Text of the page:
Thursday, September 7, 2017

One Note on Gerrymandering

I'm against gerrymandering, though I haven't mentioned it a lot in the past. It's become a science in recent decades, and computers help its practitioners get even more exact. I am against it no matter who has the majority in a given state. Electoral districts should be drawn impartially rather than for partisan advantage.

The latest issue of Mother Jones has a story about the future of voting in Texas, including gerrymandering. (It's not online yet, but this is where it will be once they post it.) Recent court cases have thrown out Texas's redistricting, and it's no surprise. Here are some details from an MJ sidebar that may not be included once they post the story:

  • Austin, a deep-blue city, has been gerrymandered into six congressional districts. Five are [represented by] Republican[s].
  • Texas picked up four seats in Congress in 2012 after its population grew by 4.3 million over the previous decade.
  • Hispanics accounted for 65% of the growth; African Americans accounted for 13%. But Texas's new congressional maps created 0 new districts controlled by black or Hispanic voters.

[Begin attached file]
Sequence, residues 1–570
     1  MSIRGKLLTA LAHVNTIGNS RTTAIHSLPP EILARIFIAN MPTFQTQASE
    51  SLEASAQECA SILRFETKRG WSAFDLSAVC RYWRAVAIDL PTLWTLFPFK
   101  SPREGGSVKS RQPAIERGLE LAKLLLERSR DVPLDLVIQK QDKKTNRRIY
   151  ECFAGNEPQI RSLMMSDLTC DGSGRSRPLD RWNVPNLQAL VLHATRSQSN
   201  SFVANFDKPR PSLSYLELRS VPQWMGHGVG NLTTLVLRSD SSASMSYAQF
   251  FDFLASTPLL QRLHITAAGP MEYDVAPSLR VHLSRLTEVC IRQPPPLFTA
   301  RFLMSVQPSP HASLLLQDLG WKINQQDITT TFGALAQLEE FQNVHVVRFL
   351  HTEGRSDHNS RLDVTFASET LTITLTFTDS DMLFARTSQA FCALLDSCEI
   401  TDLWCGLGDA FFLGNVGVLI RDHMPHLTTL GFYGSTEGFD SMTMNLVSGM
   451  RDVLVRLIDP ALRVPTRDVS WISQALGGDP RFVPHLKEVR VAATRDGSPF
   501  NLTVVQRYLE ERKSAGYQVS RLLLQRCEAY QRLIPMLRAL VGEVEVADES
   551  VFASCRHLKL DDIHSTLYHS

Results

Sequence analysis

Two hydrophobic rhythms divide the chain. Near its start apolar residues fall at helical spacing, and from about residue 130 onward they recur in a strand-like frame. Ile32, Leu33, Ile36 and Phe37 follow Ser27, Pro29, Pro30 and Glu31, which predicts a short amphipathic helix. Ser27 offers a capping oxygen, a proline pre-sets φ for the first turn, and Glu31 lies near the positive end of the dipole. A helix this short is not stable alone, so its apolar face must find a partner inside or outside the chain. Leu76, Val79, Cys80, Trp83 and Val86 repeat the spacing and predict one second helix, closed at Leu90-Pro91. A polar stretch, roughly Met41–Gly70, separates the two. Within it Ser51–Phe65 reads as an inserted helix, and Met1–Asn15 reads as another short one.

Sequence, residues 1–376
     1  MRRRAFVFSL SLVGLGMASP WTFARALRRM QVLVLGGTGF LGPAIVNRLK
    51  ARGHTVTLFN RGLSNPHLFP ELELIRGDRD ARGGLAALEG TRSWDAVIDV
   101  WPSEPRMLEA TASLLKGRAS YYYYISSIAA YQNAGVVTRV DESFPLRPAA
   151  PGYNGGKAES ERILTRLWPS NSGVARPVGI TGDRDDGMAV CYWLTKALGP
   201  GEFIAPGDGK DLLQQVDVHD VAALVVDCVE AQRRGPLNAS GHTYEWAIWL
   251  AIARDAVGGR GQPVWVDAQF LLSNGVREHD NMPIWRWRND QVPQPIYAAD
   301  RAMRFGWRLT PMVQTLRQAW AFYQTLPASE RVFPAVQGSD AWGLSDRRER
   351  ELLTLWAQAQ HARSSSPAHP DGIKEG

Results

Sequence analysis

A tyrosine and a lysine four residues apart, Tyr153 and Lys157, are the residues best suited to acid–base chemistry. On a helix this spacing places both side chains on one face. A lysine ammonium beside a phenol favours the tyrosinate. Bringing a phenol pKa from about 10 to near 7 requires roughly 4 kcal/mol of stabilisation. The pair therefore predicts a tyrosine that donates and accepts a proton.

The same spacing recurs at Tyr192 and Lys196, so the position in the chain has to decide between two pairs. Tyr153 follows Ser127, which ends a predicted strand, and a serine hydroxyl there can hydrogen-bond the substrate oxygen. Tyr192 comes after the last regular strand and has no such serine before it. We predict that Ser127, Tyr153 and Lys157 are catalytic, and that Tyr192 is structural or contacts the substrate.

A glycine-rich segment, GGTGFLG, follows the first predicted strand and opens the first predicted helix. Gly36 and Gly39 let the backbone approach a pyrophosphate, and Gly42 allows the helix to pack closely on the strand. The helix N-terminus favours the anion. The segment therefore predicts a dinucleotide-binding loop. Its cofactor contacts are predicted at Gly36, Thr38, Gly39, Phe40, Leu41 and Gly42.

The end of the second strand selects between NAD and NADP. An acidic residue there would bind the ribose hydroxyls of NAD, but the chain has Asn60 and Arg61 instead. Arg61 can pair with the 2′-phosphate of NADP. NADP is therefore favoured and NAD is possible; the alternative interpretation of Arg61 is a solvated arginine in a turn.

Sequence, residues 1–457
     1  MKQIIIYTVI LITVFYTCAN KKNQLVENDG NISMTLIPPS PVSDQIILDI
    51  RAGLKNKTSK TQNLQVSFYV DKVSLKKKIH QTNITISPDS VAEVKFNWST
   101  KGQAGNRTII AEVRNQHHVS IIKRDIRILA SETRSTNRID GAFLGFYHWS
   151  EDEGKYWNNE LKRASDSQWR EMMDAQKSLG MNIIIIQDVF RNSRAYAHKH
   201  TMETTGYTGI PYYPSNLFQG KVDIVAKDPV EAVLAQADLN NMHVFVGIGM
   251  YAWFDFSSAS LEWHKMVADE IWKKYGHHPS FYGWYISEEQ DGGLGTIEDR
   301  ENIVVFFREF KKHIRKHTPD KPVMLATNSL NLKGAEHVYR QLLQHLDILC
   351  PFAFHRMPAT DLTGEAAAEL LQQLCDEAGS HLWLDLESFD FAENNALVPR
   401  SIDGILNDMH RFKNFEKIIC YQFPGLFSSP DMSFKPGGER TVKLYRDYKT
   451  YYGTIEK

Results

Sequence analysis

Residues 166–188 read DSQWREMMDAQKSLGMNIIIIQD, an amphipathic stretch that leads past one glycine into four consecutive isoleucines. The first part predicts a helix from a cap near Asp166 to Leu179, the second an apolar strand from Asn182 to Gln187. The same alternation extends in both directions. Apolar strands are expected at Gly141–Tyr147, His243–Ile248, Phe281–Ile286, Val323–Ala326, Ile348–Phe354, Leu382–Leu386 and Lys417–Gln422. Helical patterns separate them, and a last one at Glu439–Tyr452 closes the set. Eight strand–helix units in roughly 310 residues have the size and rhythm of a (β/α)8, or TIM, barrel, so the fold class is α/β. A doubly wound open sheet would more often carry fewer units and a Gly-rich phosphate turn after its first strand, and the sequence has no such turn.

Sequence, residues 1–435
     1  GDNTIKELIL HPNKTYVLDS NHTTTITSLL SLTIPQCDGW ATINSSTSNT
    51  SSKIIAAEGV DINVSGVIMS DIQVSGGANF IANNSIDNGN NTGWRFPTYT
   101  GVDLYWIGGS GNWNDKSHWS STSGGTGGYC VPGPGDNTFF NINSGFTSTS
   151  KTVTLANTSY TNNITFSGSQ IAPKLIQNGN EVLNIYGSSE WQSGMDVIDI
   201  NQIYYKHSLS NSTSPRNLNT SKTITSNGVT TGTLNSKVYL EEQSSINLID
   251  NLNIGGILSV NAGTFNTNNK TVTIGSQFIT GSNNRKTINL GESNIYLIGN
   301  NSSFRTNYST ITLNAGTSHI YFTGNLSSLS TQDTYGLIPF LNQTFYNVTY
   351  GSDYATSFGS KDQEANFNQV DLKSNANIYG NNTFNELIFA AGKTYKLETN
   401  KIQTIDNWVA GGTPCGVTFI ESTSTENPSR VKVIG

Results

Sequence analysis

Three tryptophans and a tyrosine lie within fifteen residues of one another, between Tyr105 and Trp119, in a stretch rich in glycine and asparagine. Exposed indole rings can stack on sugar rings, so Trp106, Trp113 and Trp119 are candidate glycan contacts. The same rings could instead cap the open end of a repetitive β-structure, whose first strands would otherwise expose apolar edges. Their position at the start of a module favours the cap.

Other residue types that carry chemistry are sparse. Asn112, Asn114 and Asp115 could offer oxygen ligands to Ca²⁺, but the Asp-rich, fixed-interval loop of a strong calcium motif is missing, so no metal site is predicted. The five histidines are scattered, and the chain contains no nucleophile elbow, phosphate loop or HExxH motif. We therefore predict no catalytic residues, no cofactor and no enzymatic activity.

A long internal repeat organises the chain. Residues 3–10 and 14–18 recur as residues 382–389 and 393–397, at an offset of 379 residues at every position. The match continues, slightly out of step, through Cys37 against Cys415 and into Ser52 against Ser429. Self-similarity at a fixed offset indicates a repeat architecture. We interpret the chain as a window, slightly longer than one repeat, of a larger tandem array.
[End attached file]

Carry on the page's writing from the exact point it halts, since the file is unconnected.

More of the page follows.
Texas has not been majority-white since 2005, yet its 36 members of the House of Representatives break down this way:
  • 23 Republicans, 11 Democrats
  • Republicans: 20 (or more likely 21) white men, one black man, one white woman. (Bill Flores, the 21st white man, considers himself to be an "American first." His mother is of Irish descent and his father's family traces its roots back to Spanish settlers from 1725. He does not campaign as Hispanic, Chicano, or Latino.)
  • Democrats: Three white men, six black or Latino men, two black women
Does that sound as though Texans are represented in a meaningful way? Especially Texan women, in that case even among the Democrats?

Gerrymandering has to go.

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